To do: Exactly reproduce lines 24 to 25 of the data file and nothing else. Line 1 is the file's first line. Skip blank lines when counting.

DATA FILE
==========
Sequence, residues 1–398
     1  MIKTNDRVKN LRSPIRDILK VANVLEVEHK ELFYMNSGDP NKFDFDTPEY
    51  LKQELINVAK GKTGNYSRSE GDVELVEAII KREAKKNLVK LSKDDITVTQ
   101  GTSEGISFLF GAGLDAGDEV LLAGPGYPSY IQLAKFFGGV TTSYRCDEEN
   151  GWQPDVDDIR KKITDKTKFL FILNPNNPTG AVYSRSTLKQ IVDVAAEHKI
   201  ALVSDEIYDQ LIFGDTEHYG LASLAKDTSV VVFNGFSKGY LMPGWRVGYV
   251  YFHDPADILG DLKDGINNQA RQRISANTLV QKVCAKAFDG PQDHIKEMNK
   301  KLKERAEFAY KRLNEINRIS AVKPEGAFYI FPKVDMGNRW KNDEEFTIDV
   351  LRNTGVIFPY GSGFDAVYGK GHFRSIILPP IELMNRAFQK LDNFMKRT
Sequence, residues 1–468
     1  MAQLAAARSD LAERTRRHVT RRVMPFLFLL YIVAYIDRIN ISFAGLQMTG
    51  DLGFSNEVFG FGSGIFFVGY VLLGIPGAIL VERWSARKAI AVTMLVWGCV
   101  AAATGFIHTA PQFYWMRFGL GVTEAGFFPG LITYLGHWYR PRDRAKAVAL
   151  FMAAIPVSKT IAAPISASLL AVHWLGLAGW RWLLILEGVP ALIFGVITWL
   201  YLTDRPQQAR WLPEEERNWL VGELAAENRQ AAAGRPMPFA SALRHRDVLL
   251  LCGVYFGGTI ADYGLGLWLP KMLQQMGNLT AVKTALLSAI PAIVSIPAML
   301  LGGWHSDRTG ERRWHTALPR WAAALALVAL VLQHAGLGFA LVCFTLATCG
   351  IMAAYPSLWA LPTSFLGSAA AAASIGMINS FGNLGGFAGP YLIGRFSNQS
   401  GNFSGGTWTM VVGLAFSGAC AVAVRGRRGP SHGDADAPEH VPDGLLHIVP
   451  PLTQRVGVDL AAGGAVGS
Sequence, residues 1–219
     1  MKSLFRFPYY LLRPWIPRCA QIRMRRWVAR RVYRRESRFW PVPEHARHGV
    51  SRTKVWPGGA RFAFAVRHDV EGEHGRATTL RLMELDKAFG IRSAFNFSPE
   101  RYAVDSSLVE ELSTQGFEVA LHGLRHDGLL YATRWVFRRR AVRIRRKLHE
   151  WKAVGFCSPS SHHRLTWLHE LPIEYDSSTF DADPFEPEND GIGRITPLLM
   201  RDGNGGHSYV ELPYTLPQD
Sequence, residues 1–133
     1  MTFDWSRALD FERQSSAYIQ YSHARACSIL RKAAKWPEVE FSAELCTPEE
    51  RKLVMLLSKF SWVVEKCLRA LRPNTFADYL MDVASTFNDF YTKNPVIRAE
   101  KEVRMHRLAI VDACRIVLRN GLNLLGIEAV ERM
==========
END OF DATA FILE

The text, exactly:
   101  RYAVDSSLVE ELSTQGFEVA LHGLRHDGLL YATRWVFRRR AVRIRRKLHE
   151  WKAVGFCSPS SHHRLTWLHE LPIEYDSSTF DADPFEPEND GIGRITPLLM